Re: data on the benefits of cooking together.
From: Elizabeth Magill (
Date: Mon, 19 Oct 2009 07:35:46 -0700 (PDT)
A comment last night in our Cohousing group:

"It was so great to come home from a long trip and find there was a potluck I could come to instead of needing to cook alone in my home."

That wasn't me, but I sure do love having a common kitchen here at Mosaic Commons, in Berlin, MA. And I'm very pleased to have my own kitchen, too, as I sit at home having coffee and breakfast and introvert time.

And I work with great folk in downtown, about 1/3 of which live in SROs or rented rooms.
(The remainder are homeless.)

Those that live in SROS and rooms find that their food costs are greatly increased. Essentially, it is easier to eat out than to negotiate the various rules and personalities that come with a common kitchen.

One guy cooks a meal for his neighbors in their common kitchen about once a month. They love the way it creates community to share in this way. But the other 29 days he sneaks a hot plate into his apartment to avoid the squabbling over the common kitchen.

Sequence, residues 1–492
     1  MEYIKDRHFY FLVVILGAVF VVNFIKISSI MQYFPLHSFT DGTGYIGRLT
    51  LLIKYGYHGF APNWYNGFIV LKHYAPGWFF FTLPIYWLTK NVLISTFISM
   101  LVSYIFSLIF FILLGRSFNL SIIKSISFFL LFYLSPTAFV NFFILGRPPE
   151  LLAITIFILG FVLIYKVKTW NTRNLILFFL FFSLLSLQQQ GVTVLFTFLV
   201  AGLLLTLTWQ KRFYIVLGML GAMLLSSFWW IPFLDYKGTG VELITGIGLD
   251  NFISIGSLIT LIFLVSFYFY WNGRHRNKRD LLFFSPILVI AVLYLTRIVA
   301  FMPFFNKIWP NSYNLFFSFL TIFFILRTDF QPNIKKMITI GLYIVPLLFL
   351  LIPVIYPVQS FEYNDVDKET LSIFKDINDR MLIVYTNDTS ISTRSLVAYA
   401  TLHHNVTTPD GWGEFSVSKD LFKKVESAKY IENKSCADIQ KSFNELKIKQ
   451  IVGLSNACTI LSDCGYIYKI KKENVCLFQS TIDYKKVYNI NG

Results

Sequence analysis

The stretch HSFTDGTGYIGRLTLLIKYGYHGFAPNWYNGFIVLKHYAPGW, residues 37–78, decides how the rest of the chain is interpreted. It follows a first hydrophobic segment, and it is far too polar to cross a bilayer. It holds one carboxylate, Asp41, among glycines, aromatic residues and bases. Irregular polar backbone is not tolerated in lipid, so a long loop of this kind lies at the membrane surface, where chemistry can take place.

The trick to intentional community, I think, is that all the participants are "intentional" about being part of it.

(The Rev.) Elizabeth M. Magill
PastorLiz [at]
Worcester Fellowship
PO Box 3510 Worcester MA 01613

On Oct 19, 2009, at 10:21 AM, Joanie Connors wrote:

I think that the issue is much more complex than this.

I'm sure there are psychological benefits, but cohousers have a strong
commitment to sharing and use a great deal of structure (signup lists,
systems for costs) but there are still problems that must be hashed
out in community meetings.

Without that strong commitment, I don't know how east Harlem residents
would cope with dividing the work, costs and cleanup.

On Sun, Oct 18, 2009 at 8:34 PM, Daniel Bowman Simon <dbs429 [at]> wrote:

hi, i am working on a conceptual project for an urban planning class at nyu.we need to put a significant # of residential units into a large development in
east harlem.
i'd like to propose that kitchen spaces be communal.
i am looking for data that shows economic, health and other benefits of cooking and eating together. hard data is most helpful, but anecdotal
evidence is welcome as well.
also, any photos and rules for such kitchens would be nice to know.

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